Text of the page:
This article is not about “painter of light” Thomas Kinkade, but rather less-established and extremely talented photographers, who use dynamic electric light patterns to enhance the nature’s given landscapes, or our bleak industrial environments. In every case something luminous and strangely mesmerizing is brought “to light”, transforming the photograph into an entirely different experience, and making our hearts beat faster.
It all started with Eric Staller
Eric Staller is a sculptor more known for the permanent artwork in public places, but also for his experimentation with light. His light drawings and sculptures date as far back as the late 70s (definitely in-line with the disco-era sensibilities). He was perhaps the first photographer to paint light into live urban environment:
Some of these New York light-scapes still look like perfect examples of the technique. Simply glorious, after all these years.
No Lens, Only Intricate Light
Alan Jaras (aka “Reciprocity”) captures surreal refraction patterns of light, passing through molded plastic. Amazingly, these photos are made the “natural way”, without the use of a camera lens, or retouching by Photoshop. His flickr photostream is one of the most interesting and adventurous on the web.
“Spicules of Light” by Alan Jaras
Light Among the Ruins
Abandoned & ghastly places achieve a new license to life with these urban light explorations. The nameless artists responsible for these “graffitis of light” perhaps live somewhere nearby and make it their creative statement to turn ugly venues into canvases of “cleansing” light.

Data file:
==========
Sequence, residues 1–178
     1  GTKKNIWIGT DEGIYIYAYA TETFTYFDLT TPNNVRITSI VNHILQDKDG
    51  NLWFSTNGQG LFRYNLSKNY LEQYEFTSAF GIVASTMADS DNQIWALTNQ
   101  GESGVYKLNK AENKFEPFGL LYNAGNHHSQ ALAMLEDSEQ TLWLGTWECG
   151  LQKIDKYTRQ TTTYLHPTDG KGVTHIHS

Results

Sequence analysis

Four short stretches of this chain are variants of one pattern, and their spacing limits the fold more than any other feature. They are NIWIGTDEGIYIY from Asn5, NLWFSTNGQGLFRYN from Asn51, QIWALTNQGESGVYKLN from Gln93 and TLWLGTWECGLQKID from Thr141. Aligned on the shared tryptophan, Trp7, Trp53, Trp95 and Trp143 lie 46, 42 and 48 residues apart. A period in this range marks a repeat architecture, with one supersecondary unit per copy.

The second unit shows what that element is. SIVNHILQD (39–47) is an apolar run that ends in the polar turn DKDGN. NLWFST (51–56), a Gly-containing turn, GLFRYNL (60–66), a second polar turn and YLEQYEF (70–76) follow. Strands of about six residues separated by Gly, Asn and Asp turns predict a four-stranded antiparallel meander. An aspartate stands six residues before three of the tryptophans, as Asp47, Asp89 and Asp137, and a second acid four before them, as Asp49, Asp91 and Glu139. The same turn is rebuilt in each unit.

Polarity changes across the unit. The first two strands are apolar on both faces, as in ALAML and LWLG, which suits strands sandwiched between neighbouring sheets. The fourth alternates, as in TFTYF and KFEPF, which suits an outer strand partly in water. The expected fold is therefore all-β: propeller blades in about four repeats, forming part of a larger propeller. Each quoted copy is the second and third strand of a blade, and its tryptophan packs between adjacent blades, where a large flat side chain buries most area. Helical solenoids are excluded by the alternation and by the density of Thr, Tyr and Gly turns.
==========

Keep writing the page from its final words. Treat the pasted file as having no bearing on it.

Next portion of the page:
Some other examples of “painting with light”:
(image credit: Sashnone)
(image credit: Kurbaga)
Mystery and Melancholy of a Street
One word: “heavenly”. This is how you can describe the apparitions created by group LICHTFAKTOR. We already wrote about their previous works, but it seems that angels of creativity continue to bestow their visitations upon this enlightened urban clan. They go into the night and return with transcendental glowing creations… like these:
(image credit: LICHTFAKTOR)
Dean Chamberlain takes the inherent glow that all mysterious worship places evoke in our heart, and brings it to the screen – his temple & palace interiors are uplifting and mystifying at the same time:
Do you like seaside? Now you do.
It’s impossible not to fall in love with the sea and the coast when seeing photography of Toby Keller, aka BurnBlue. His light painting technique is often subtle, and it’s hard to tell where the natural light ends and the “super”-natural light begins. Waves provide the long-exposure soft glow, and deep blue ghost-like apparitions seem to lure us, mere mortals, into their marvelous portals, and into an infinite light. (you have to excuse my purple prose, these photos are simply too magical).
And yet, no matter how skillful you are as a painter, natural light is still the winner. Here is very evocative shot of moonlight at sea:
and a riot of colors during sunset: